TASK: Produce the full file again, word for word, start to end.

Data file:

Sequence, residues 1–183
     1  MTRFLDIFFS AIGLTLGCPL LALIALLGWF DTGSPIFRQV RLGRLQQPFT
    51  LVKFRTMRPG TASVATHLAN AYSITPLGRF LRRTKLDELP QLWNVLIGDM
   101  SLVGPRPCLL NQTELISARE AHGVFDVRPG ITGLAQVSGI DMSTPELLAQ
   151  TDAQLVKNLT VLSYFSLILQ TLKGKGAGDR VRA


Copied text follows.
Sequence, residues 1–183
     1  MTRFLDIFFS AIGLTLGCPL LALIALLGWF DTGSPIFRQV RLGRLQQPFT
    51  LVKFRTMRPG TASVATHLAN AYSITPLGRF LRRTKLDELP QLWNVLIGDM
   101  SLVGPRPCLL NQTELISARE AHGVFDVRPG ITGLAQVSGI DMSTPELLAQ
   151  TDAQLVKNLT VLSYFSLILQ TLKGKGAGDR VRA